CLARETS reporter Tyrone Marshall discusses the talking points from Burnley's 4-0 win over Bournemouth.

A perfect day

After a difficult week at Turf Moor this was the perfect way to silence the growing critics.

The inquest after a fourth successive Premier League defeat had been difficult. There had been worrying signs at Wolves, despite the narrow scoreline.

Burnley looked toothless in attack and were offering up plenty of chances to the opposition. They’d faced 76 shots in three games.

But this response against Bournemouth was almost the perfect day for the Clarets. They rediscovered their mojo in front of goal, scoring four in a game for the first time since New Year’s Eve 2016 when Sunderland were beaten 4-1.

Having Johann Berg Gudmundsson back to his best was a big help in terms of creativity, while Aaron Lennon also turned in perhaps his best performance in a Burnley shirt.

They also defended resolutely. When Bournemouth were piling the pressure on in the second half Burnley never looked like folding and clear chances were few and far between.

Those were encouraging signs.


Right at the start of his post-match press conference Sean Dyche revealed the meeting that he’d held with his players in midweek.

It sounded like a heart-to-heart, with Dyche reminding the squad of his pride in them, of their recent achievements and how the story was far from finished. But he told him it was up to them to continue the journey.

They responded impressively and several players mentioned it in their own post-match interviews as well.

Such meetings can’t be a regular tactic or they will lose their impact, but they’ve worked previously at Turf Moor.

A few home truths were aired midway through the 2015/16 Championship season, inspiring Burnley’s 23 game unbeaten run to the title. Again Dyche got a response this week.


On Thursday Matej Vydra had spoken about the fragile nature of confidence in football. But the good thing about confidence is that it can return just as quickly as it disappeared.

You could sense confidence and belief seeping back into the side from the early stages at Turf Moor.

Of course a goal helps, but just as crucial was the second arriving just two minutes later. Had this game remained 1-0 for most of the second half then the fear could easily have crept back in to Burnley’s play.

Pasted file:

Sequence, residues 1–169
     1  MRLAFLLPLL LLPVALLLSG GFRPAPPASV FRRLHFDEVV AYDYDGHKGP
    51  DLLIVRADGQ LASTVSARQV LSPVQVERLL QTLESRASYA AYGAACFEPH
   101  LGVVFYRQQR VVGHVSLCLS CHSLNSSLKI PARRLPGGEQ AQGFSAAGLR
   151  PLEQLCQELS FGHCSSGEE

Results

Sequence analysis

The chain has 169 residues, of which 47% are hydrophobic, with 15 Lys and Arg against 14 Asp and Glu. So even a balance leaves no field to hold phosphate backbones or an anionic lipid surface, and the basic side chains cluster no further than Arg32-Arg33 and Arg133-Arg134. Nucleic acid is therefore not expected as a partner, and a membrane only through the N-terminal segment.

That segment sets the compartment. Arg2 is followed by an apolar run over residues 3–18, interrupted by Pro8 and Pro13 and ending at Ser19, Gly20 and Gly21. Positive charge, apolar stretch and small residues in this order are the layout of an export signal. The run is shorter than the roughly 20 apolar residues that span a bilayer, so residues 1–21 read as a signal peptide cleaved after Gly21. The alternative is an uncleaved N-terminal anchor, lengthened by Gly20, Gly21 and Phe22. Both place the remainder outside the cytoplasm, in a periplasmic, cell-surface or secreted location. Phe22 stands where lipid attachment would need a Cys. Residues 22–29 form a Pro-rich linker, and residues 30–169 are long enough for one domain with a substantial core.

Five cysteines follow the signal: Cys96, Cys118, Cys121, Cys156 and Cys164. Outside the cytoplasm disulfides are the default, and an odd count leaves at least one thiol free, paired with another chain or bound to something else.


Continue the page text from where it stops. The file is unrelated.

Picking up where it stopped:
Instead they had a two-goal cushion, increased confidence and they seized their late chances to put the game to bed.

Dyche v Howe

There is always a storyline when these two managers meet and after Arsene Wenger’s departure from Arsenal in the summer they were now the two longest serving bosses in the Premier League.

Domestically they are the leading lights for British bosses in the game as well and both have enjoyed success at their respective clubs.

They regularly seem to be swapping places as the best British managers in the game. Last year’s achievements at Turf Moor propelled Dyche into that position, especially with Bournemouth having to recover from a slow start.

This season it’s Howe who has been winning the plaudits, with the Cherries in fine early season form.

But for the third time in five Premier League meetings it Dyche who claimed the upper hand on the day.


We all know Gareth Southgate is a regular at Turf Moor and given the number of English players on show you can see why he chose this fixture as his Saturday afternoon base.

Figures from the first five weekends of the Premier League campaign show that just 30 per cent of players featuring qualify to be picked by the Three Lions boss.

So to see 12 players available to him on the pitch from the start at Turf Moor must have cheered Southgate, with a further 10 on the bench.

No doubt he was checking out Bournemouth’s in-form striker Callum Wilson, who had a frustrating afternoon, marshalled well by Ben Mee and James Tarkowski, who Southgate knows all about.